Green living solutions are becoming more affordable whether it is organic food or more efficient home lighting. You might not all be able to afford solar panels on your roofs, or might not have the weather for it either! But there are some small steps you can take to cut down on your electricity usage and waste, which will benefit the environment in the long run.
Sadly, this is probably the most expensive option available on this list, but if it can be achieved, it will do wonders for the environment. Some may argue against the rare earth needed to make solar energy work, but it does cut down on the amount of fossil fuels required to make the electricity and move it to your home. New Tesla batteries will soon make it easier for households to store solar power for rainy days.
Change Your Thermostat Temperature
Even changing your thermostat up by 3 degrees in summer and down by 3 degrees in winter can seriously cut back on electricity usage and save money. Aim for a winter temperature of around 68F and a summer temperature of 78F. See what is comfortable with you and what else you can manage by cooling/warming the house using shades, curtains and natural sunlight.
Switch to Green Lighting
No, not the color of the light bulb, but environmentally friendly lighting. Governments worldwide have been pushing for greener home lighting. This first saw incandescent bulbs banned and may soon see halogen bulbs banned too. Over the same period of time, LED light bulbs have risen to be the market leader in energy efficient lighting solutions. They achieve this through a combination of extreme energy efficiency and longevity. Homes converting to LEDs will save hundreds of dollars a year in electricity bills.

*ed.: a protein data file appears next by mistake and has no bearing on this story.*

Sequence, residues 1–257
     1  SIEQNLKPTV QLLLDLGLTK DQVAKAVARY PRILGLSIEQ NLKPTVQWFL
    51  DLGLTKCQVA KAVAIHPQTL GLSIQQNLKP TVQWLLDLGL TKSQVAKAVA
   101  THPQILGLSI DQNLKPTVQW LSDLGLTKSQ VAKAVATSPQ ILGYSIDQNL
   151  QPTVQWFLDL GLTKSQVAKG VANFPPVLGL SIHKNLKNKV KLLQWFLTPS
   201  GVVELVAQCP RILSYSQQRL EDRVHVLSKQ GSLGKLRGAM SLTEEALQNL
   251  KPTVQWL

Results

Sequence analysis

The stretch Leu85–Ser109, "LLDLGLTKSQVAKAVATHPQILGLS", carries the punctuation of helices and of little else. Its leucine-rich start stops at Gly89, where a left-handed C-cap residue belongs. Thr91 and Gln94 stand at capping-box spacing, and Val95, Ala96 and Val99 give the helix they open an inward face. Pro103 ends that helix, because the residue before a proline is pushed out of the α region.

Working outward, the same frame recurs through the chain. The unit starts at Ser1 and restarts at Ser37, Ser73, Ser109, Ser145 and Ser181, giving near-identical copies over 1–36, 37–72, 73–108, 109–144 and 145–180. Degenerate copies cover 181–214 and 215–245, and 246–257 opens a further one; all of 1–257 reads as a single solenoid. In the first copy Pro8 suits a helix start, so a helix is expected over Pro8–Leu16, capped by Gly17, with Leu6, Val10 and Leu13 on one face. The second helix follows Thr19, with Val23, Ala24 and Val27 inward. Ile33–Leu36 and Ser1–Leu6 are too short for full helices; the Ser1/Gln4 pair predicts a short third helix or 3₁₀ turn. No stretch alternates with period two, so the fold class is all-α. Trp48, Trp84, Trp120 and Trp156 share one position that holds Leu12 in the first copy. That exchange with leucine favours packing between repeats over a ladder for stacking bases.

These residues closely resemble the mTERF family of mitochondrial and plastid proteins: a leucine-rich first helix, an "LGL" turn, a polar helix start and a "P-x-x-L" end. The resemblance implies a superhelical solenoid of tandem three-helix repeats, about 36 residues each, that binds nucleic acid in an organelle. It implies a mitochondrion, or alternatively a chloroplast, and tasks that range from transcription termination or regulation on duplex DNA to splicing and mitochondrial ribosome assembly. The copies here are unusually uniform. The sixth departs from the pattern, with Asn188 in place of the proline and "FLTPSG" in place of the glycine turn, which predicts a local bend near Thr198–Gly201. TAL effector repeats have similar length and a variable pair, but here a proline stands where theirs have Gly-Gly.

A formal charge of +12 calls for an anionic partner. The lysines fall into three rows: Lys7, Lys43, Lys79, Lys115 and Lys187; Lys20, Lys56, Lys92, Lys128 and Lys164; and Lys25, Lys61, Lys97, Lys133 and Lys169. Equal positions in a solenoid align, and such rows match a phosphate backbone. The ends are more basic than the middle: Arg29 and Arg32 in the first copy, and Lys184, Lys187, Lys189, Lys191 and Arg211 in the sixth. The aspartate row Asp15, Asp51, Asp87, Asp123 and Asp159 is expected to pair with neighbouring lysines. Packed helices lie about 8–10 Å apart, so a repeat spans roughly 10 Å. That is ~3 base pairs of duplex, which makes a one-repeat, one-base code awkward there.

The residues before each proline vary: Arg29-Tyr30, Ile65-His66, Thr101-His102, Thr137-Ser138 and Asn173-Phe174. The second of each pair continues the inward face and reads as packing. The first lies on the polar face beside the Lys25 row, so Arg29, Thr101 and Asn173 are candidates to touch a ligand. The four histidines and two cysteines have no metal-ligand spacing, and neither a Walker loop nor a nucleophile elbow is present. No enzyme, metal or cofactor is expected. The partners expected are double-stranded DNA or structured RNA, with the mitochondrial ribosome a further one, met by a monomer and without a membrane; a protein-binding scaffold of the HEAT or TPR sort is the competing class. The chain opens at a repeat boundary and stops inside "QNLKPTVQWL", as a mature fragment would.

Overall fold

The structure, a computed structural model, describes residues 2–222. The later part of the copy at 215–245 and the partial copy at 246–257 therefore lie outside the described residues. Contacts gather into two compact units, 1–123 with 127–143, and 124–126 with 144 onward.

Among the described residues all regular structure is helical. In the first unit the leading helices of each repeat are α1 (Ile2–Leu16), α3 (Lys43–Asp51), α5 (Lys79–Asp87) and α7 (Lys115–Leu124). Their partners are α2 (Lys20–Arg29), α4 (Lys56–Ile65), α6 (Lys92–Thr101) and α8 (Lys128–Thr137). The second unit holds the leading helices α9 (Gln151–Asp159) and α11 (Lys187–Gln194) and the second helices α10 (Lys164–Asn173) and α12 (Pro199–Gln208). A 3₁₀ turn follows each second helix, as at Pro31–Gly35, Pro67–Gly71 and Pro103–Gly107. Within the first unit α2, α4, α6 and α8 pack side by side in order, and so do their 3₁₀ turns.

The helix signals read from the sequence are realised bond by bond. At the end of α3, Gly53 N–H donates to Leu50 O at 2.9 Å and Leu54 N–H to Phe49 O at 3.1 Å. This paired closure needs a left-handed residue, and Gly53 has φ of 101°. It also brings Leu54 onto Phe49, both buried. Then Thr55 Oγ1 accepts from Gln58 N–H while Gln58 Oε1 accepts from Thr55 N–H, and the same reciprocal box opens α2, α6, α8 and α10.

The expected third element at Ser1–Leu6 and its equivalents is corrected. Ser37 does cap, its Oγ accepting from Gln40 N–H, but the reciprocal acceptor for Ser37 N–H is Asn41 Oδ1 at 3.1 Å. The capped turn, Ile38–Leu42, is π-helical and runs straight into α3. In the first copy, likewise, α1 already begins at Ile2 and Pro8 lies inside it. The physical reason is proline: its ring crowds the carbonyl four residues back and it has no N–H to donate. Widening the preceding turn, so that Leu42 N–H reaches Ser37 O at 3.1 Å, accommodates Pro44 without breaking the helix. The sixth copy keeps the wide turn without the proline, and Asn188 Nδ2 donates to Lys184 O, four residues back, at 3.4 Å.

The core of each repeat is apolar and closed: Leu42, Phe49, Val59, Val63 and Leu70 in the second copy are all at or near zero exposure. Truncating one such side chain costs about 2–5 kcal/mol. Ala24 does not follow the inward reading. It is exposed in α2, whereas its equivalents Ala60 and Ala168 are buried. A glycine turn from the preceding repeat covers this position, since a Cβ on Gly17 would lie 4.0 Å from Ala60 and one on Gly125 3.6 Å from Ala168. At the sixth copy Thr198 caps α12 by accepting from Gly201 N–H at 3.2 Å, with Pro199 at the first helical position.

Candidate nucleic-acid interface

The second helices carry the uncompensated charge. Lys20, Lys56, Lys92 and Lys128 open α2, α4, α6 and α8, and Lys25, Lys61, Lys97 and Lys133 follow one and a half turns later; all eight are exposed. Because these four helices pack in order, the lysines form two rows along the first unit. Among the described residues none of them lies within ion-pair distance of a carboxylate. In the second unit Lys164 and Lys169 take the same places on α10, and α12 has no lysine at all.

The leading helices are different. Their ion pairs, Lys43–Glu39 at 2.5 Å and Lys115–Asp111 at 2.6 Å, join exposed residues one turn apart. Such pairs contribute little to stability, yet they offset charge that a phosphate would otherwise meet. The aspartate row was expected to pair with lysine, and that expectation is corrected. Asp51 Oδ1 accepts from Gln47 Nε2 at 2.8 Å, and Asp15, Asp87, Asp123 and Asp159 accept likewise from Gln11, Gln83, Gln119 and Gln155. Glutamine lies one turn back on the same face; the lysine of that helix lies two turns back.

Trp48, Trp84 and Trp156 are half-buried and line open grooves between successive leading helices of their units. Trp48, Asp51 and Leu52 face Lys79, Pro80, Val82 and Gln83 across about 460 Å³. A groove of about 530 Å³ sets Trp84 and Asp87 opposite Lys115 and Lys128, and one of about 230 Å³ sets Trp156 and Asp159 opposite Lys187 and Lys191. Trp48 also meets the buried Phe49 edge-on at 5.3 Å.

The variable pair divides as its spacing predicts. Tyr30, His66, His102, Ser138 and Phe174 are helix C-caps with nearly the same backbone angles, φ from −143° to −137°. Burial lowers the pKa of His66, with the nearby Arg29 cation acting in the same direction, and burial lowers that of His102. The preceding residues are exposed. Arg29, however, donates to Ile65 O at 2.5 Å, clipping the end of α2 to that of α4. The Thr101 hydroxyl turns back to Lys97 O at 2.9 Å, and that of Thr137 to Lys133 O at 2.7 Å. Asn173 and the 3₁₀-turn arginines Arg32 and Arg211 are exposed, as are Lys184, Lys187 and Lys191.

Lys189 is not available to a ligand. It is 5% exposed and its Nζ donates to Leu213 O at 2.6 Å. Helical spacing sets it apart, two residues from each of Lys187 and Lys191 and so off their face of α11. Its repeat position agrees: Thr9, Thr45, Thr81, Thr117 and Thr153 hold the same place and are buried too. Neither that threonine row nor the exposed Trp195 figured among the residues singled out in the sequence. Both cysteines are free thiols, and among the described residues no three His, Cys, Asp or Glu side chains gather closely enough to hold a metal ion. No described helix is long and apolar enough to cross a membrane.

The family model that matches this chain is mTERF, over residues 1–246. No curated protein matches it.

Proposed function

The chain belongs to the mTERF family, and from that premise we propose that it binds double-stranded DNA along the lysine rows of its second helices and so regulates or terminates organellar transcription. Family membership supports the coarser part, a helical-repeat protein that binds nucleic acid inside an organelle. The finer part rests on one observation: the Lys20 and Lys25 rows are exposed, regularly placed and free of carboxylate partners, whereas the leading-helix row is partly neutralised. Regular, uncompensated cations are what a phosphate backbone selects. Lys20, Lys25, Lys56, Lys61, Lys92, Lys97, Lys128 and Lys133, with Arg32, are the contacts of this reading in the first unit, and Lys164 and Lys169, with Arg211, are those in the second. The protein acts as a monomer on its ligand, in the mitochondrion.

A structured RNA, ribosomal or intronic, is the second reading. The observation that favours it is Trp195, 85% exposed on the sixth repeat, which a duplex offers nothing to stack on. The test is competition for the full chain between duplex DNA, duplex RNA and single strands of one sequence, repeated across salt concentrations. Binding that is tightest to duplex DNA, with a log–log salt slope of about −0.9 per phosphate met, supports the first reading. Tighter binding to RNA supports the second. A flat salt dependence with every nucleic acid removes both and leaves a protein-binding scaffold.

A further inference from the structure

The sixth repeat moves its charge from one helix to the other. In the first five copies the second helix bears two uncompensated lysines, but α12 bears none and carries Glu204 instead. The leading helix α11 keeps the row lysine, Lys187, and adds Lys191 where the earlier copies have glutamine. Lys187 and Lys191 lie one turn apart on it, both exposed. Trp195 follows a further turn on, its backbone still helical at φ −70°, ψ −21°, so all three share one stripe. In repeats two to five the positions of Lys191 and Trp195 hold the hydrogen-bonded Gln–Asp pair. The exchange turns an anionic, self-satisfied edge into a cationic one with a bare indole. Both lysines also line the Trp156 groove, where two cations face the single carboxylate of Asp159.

Air conditioning inefficiency wastes a lot of electricity every year. While here in Canada, it’s not exactly well known for hot weather, aircon both heats and cools a house depending on the temperature (as noted above). To maximize their efficiency and reduce bills, keep air vents open at all times, even in winter, clean them often, and replace filters regularly.
Recycle and Compost
Your home is not just about electricity. Environmental impact is measured by the items you use, clothes you buy, and mostly by the food you eat. A lot of these products can be recycled when you finish using them, either to be broken down into compost for growing plants or turned into new materials. The more that is recycled, the less new materials have to be created or excavated. Cutting down on toxic materials and turning to biodegradable or recyclable materials will reduce your footprint significantly.
You can offset your home’s impact in the garden. As well as composting leftover food waste, grow plants, trees and vegetables. The main impact of growing plants and trees is encouraging wildlife to flourish and most importantly of all right now, getting bees back. Growing your own vegetables cuts down on the transportation and fossil fuel cost of moving food grown elsewhere to your location.